Local Area Network and Desktop Computing Support

Installation and support of LANs and PCs is a function where both staff augmentation and outsourcing can be used successfully, depending on a company's maturity level and objectives. If the IT department has little in- house expertise and wants to develop it, staff augmentation is an effective way to bring in experts who will train existing staff. Similarly, if IT has not developed formal procedures or standardized its methods, it may want to hire a contractor with specialized skills to develop those procedures. Even if the long-term plan is to outsource the function, it is desirable to establish procedures prior to outsourcing. In general, a company whose function is not yet mature should consider staff augmentation rather than outsourcing. Similarly, to increase the odds of successful outsourcing, IT should seek to first stabilize and standardize its function, and then outsource.

For some companies, outsourcing of LAN and PC support has been a less than successful venture. The reasons for the disappointment include:

■ Immature processes or lack of standardization. As noted above, outsourcing contracts are managed by service level agreements (SLAs). If there are no existing SLAs, it is difficult to specify with any precision the work that the outsourcer will be required to perform. This means that measuring success will become subjective, increasing the possibility for dissention between the company and its service provider. In addition, if the processes are not clearly defined, the service provider may have difficulty pricing the engagement.

■ Incomplete due diligence. This is a corollary to immature processes. If the vendor does not completely analyze the company's existing function, it may make inaccurate assumptions about the required staffing level or the current customer satisfaction. This can lead to faulty pricing and another opportunity for disputes. Incomplete due diligence occurs most often when the company seeks to compress the time to develop a contract, and when suppliers overestimate their knowledge of the company's function.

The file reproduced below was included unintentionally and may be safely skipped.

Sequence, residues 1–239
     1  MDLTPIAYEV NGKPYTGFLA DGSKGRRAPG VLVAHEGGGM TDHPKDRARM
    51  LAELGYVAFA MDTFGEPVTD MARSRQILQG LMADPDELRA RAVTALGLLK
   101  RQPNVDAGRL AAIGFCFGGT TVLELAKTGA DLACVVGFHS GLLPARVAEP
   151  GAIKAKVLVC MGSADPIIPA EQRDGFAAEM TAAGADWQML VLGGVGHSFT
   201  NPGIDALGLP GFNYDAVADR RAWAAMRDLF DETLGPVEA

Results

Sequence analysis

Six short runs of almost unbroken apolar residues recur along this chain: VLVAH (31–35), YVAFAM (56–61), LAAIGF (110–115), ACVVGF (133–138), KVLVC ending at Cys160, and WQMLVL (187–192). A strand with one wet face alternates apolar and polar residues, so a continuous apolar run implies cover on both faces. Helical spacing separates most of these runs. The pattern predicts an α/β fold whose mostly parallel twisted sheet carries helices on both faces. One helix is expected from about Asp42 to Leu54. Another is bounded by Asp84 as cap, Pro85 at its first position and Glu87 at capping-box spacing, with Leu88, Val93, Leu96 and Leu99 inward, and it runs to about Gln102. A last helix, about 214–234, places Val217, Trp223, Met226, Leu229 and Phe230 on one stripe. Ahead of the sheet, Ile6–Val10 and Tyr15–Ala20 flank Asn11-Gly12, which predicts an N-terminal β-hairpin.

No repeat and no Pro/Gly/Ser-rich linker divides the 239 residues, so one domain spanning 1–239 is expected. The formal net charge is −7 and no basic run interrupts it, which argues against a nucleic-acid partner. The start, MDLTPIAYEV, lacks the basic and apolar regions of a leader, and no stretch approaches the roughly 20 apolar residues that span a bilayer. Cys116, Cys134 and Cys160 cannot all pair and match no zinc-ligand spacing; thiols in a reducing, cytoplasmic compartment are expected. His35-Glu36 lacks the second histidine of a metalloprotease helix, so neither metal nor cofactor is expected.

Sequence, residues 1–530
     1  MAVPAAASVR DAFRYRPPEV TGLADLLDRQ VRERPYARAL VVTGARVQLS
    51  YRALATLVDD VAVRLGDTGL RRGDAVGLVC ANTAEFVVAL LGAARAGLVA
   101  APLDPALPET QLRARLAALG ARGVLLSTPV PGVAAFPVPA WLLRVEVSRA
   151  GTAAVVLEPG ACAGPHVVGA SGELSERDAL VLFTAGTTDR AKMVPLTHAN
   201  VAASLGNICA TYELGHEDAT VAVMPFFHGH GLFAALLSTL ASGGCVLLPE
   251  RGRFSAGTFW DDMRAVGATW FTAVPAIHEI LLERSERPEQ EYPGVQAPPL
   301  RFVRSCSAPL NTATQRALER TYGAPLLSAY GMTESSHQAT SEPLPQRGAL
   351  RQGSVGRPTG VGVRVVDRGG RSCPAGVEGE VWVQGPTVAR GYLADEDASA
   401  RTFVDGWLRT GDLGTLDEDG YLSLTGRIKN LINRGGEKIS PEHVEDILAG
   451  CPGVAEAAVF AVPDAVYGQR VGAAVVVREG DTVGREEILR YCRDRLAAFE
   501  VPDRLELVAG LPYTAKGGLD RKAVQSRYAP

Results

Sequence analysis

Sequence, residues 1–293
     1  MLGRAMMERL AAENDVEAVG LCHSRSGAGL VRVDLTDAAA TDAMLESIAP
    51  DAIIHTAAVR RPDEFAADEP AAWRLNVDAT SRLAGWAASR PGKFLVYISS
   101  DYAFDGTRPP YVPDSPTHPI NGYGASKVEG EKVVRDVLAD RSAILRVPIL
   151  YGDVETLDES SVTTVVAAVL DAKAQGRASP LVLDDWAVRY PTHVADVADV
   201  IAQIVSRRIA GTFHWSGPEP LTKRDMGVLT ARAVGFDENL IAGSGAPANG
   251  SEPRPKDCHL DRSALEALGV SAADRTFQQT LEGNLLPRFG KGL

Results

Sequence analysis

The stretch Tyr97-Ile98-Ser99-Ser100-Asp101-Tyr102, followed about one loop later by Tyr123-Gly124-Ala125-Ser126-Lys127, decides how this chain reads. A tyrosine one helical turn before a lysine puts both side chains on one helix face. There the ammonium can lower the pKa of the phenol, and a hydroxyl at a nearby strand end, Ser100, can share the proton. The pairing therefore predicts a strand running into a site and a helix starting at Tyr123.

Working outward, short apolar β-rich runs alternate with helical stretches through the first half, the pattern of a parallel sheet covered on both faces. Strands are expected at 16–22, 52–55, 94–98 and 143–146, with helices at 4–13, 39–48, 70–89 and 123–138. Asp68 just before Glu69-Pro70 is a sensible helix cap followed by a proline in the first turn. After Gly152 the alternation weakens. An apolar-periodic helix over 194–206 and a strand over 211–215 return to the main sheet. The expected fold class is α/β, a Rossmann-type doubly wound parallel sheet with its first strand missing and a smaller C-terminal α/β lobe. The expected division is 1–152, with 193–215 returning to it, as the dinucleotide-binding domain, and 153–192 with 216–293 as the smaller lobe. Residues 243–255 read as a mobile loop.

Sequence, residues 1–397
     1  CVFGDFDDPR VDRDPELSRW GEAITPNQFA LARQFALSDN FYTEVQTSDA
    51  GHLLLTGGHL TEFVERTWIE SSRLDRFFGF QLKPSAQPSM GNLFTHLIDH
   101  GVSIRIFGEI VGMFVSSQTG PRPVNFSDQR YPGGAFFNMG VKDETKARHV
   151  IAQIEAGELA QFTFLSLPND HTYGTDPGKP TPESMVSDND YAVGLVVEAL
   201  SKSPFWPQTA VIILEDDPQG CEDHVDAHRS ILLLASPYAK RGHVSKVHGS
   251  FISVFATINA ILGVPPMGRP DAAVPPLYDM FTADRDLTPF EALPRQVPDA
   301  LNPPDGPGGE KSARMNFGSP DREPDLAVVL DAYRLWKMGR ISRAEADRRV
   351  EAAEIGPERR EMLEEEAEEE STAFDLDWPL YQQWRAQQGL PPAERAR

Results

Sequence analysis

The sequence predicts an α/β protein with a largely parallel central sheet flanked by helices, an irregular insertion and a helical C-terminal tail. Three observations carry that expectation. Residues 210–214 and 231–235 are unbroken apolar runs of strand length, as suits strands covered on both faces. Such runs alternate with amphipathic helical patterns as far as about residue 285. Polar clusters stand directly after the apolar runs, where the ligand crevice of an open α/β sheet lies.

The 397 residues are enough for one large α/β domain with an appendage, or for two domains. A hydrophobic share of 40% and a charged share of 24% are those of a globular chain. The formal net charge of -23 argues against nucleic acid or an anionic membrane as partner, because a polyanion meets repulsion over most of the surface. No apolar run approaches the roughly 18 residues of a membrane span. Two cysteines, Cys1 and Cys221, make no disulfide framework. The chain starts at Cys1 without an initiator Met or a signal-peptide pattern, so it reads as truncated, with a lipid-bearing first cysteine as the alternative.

■ Unrealistic expectations. A company may outsource a function, hoping that the service provider will resolve all outstanding problems, improve customer satisfaction, and reduce costs. While all of these are possible, it is unlikely that all of them can be achieved in the short term. A more realistic approach, particularly when processes are immature, would be to hire a vendor to implement formal procedures and stabilize the environment as phase one. Phase two, under a separate contract, could include cost reductions and improved customer satisfaction as its goals. Although the same vendor could be used for both phases, this is not mandatory. Some outsourcing firms that would be well-suited for phase two may not have the expertise needed for phase one.

■ Loss-leader pricing. Occasionally, a service provider will price an engagement at or below cost as a way of getting the business. From the supplier's view, the loss-leader approach is justified by the anticipation of being awarded additional business in the future. Although loss- leaders occur in both staff augmentation and outsourcing engagements, the long-term nature of outsourcing contracts makes them particularly dangerous. Unless the additional work is guaranteed, it is possible that the vendor's expected profit margins will not be met. This typically results in the vendor reducing staffing levels or substituting less experienced staff to generate a profit. Customer satisfaction rarely rises after such actions.

The concerns associated with outsourcing of LAN and PC support include those shown for data center operations. In addition, pricing may not be accurate if the processes are immature. To improve the likelihood of success, full outsourcing of LAN and PC support should be initiated only after formal procedures have been developed and implemented. Staff augmentation can provide an effective method of developing and implementing such procedures.

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